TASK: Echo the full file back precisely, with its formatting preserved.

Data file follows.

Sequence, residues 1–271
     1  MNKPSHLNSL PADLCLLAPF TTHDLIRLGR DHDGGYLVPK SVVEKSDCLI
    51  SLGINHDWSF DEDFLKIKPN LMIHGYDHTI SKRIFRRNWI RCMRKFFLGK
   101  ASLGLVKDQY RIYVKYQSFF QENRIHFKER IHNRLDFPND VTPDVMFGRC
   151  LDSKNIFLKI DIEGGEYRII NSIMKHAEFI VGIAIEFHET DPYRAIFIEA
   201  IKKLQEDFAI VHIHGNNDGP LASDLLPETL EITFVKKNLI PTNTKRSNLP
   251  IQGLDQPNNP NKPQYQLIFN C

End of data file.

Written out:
Sequence, residues 1–271
     1  MNKPSHLNSL PADLCLLAPF TTHDLIRLGR DHDGGYLVPK SVVEKSDCLI
    51  SLGINHDWSF DEDFLKIKPN LMIHGYDHTI SKRIFRRNWI RCMRKFFLGK
   101  ASLGLVKDQY RIYVKYQSFF QENRIHFKER IHNRLDFPND VTPDVMFGRC
   151  LDSKNIFLKI DIEGGEYRII NSIMKHAEFI VGIAIEFHET DPYRAIFIEA
   201  IKKLQEDFAI VHIHGNNDGP LASDLLPETL EITFVKKNLI PTNTKRSNLP
   251  IQGLDQPNNP NKPQYQLIFN C